Ever eager to keep you buying PCs, Microsoft and Intel are cooperating to bring virtual reality to the masses.
Today's more advanced virtual reality setups, like Facebook's Oculus Rift and HTC's Vive, require a high-powered PC with enough graphics horsepower to generate a convincing artificial 3D game for you to play or world to explore. There's progress to pare back the hardware requirements, but Microsoft and Intel are going farther with a project called Evo.
Project Evo's goal is to bring VR and related immersive technology to midrange laptops with the workable but unspectacular graphics performance of built-in Intel graphics. It's geared to handle VR and related augmented reality and mixed reality technology that blends computer-generated imagery with the real world.
Intel's Alloy headset, unveiled earlier this year, aims to offer VR without ungainly cables hooked up to a PC.
Photo by Stephen Shankland/CNET
Years of shrinking PC sales have punished Intel and Microsoft as we all chose to spend our money on tablets and phones powered by Google and Apple software. With Evo, though, the Wintel allies have a chance to reclaim some of the tech excitement the mobile revolution has stolen away.
Indeed, it's no coincidence the companies chose the Project Evo name: Evolution is famously unforgiving for entities that can't keep up with competitive challenges.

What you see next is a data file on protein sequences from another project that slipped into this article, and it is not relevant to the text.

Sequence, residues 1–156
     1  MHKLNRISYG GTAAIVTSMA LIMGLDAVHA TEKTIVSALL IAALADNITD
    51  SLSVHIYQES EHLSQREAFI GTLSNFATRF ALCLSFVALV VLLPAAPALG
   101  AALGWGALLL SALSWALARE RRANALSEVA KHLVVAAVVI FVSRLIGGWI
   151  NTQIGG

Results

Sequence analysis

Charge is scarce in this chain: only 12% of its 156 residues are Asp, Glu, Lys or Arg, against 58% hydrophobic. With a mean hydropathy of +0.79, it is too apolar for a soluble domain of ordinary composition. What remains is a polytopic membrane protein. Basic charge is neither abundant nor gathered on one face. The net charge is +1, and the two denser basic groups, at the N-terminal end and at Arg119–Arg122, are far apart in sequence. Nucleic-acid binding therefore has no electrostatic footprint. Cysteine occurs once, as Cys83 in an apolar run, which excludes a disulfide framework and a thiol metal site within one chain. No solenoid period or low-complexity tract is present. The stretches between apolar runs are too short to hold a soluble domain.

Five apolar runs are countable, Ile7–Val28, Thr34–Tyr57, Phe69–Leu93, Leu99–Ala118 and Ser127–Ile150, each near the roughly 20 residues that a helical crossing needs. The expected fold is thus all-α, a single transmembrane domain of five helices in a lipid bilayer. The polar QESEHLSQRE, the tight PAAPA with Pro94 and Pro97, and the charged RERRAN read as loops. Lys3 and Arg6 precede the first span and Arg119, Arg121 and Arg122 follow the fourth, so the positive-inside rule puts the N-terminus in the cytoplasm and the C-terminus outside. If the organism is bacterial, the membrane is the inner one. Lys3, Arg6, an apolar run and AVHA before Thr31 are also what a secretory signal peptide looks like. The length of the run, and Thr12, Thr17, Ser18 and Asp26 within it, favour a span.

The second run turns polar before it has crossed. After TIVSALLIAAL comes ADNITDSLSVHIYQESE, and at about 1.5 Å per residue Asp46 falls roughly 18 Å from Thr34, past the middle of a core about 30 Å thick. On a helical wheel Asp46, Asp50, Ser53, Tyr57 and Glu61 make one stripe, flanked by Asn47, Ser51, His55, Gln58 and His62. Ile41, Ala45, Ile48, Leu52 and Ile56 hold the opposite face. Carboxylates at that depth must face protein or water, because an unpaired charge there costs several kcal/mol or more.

The project is "a deep collaboration with Microsoft to further push the boundaries of personal computing," Navin Shenoy, general manager of Intel's PC group, said in a statement. Microsoft and Intel will cooperate to ensure VR and mixed reality can fully exploit the power of Intel's sixth-generation "Skylake" Core processors and newer seventh-generation "Kaby Lake" models and their built-in graphics hardware.
It's also designed to improve other areas where mobile devices could struggle to keep up, like artificial intelligence and very detailed big-screen 4K graphics. Evo-class PCs will need at least 8GB of memory, USB 3.0 ports, an HDMI 1.4 graphics port and Bluetooth 4.0 wireless connections.
With Evo, Microsoft clearly hopes to extend to the VR realm some of the clout it earned with app developers supporting its Windows software. Attracting software titles is key to commercial success.
"We've unified the platform," said Alex Kipman, the Microsoft fellow who's led development of the company's HoloLens device for mixed reality. As evidence, he pointed to partnerships with Dell, Acer, Asus and China's 3Glasses that should bear fruit in 2017.
Intel and Microsoft announced the project at Microsoft's WinHEC conference in China, where the company details how its software will get along with new hardware initiatives.
HTC's Vive, Sony's PlayStation VR and the Oculus Rift all are already on the market, though, and use different software foundations. That's a pain for developers, many of whom have chosen programming tools from Unity Technologies that make it easier to span many devices.
And when it comes to low-cost VR, cheaper PCs still can't match the prices of phone-based headsets like Samsung's Gear VR and Google's Daydream View. Intel and Microsoft have their work cut out for them.